S.741 - Minor Use and Minor Species Animal Health Act of 2003 108th Congress (2003-2004)
|Sponsor:||Sen. Sessions, Jeff [R-AL] (Introduced 03/27/2003)|
|Committees:||Senate - Health, Education, Labor, and Pensions | House - Energy and Commerce|
|Committee Reports:||S. Rept. 108-226; H. Rept. 108-608|
|Latest Action:||08/02/2004 Became Public Law No: 108-282. (TXT | PDF) (All Actions)|
This bill has the status Became Law
Here are the steps for Status of Legislation:
- Passed Senate
- Passed House
- To President
- Became Law
Summary: S.741 — 108th Congress (2003-2004)All Information (Except Text)
Public Law No: 108-282 (08/02/2004)
(This measure has not been amended since it was reported to the Senate on February 18, 2004. The summary of that version is repeated here.)
Title I: Minor Use and Minor Species Health Minor Use and Minor Species Animal Health Act of 2004 - (Sec. 102) Amends the Federal Food, Drug, and Cosmetic Act regarding the development of new animal drugs intended for a minor use (defines "minor use" as the intended use of a drug in a major species for an indication that occurs infrequently and in only a small number of animals, or in limited geographic areas and in only a small number of animals annually) or for use in a minor species (any species other than cattle, horses, swine, chickens, turkeys, dogs, and cats).
Allows the Food and Drug Administration (FDA) to award three years of market exclusivity, with full approval, for any new animal drug that requires research to be conducted in the targeted minor species to support such approval.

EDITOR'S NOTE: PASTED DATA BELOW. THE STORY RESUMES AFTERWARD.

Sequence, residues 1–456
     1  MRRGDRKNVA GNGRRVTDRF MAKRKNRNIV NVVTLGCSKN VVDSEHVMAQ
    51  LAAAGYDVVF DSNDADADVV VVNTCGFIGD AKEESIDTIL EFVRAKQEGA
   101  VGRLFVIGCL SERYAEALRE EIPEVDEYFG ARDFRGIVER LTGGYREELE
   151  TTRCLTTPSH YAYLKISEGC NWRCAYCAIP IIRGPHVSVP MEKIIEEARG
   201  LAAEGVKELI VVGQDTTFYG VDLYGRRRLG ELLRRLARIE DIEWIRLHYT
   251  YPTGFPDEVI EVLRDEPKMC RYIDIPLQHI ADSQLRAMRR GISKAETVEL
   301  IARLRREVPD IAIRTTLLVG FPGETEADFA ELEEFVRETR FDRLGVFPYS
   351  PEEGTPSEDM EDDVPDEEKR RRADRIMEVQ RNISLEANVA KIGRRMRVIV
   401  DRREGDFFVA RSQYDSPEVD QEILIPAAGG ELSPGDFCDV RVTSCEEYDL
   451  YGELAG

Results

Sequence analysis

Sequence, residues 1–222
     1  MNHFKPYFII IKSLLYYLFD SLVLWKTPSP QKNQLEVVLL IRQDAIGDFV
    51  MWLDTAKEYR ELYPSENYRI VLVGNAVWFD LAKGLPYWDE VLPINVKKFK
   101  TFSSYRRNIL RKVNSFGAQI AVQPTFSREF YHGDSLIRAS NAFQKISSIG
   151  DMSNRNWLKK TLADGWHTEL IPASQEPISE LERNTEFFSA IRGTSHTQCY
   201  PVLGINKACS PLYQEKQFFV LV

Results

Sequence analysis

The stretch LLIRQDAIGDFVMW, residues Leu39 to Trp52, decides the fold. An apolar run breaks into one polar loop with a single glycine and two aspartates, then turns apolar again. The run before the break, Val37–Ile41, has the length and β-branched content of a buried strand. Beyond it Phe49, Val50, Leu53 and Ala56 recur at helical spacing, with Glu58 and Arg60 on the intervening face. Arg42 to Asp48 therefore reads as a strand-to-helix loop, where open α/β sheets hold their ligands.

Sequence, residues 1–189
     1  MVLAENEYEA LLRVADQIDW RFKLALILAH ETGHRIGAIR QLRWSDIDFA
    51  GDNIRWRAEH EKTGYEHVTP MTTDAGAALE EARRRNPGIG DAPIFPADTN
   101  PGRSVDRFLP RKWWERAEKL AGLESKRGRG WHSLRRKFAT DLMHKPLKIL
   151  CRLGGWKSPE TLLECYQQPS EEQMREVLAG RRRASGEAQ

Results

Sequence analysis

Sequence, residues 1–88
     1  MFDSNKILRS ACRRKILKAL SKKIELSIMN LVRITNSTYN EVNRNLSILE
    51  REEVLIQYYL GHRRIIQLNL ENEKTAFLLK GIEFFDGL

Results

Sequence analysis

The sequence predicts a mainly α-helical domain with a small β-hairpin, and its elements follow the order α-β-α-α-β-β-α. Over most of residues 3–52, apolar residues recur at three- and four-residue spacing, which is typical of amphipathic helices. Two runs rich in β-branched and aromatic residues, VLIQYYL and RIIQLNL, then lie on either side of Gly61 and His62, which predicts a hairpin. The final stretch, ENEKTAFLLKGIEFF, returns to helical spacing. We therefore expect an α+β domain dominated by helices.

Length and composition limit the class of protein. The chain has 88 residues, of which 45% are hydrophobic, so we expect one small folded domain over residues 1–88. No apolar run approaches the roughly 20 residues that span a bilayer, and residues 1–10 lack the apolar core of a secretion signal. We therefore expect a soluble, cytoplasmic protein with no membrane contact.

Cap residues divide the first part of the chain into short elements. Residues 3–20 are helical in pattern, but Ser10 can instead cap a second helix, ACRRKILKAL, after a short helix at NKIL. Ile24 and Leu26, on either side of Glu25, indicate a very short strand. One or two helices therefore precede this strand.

Creates a conditional approval process for new animal drugs intended for a minor use or for use in a minor species. Requires the same standards for approval as the full approval, except that there must only be a reasonable expectation that the drug is effective for use. (Full approval requires adequate and well-controlled studies to demonstrate by substantial evidence that a new animal drug is effective.) Requires sponsors to commit to conducting additional investigation to meet the full requirements for the demonstration of effectiveness within five years. Establishes that a conditional approval is renewable annually for up to four additional one-year terms upon submission of a request for renewal. Requires labels of such drugs to bear a statement identifying the new animal drug as conditionally approved.
Requires the Secretary of Health and Human Services to establish an index of legally-marketed, unapproved new animal drugs for use in minor species. Provides that this index lists drugs that are not FDA-approved and that are either: (1) not intended for use in animals that will be consumed by humans or by food-producing animals; or (2) not intended for use in early, non-food life stages of food-producing minor species, unless safety for humans has been adequately demonstrated. Specifies labeling requirements for indexed drugs.
Allows the Secretary, before submission of an application for drug approval, to designate new minor use or minor species animal drugs. Provides: (1) grants for such designated drugs for qualified safety and effectiveness testing, and for manufacturing expenses incurred in connection with further development of such drugs; and (2) market exclusivity for such drugs for seven years, with specified exceptions. Requires the Secretary to terminate any such designation if the sponsor discontinues active pursuit of approval.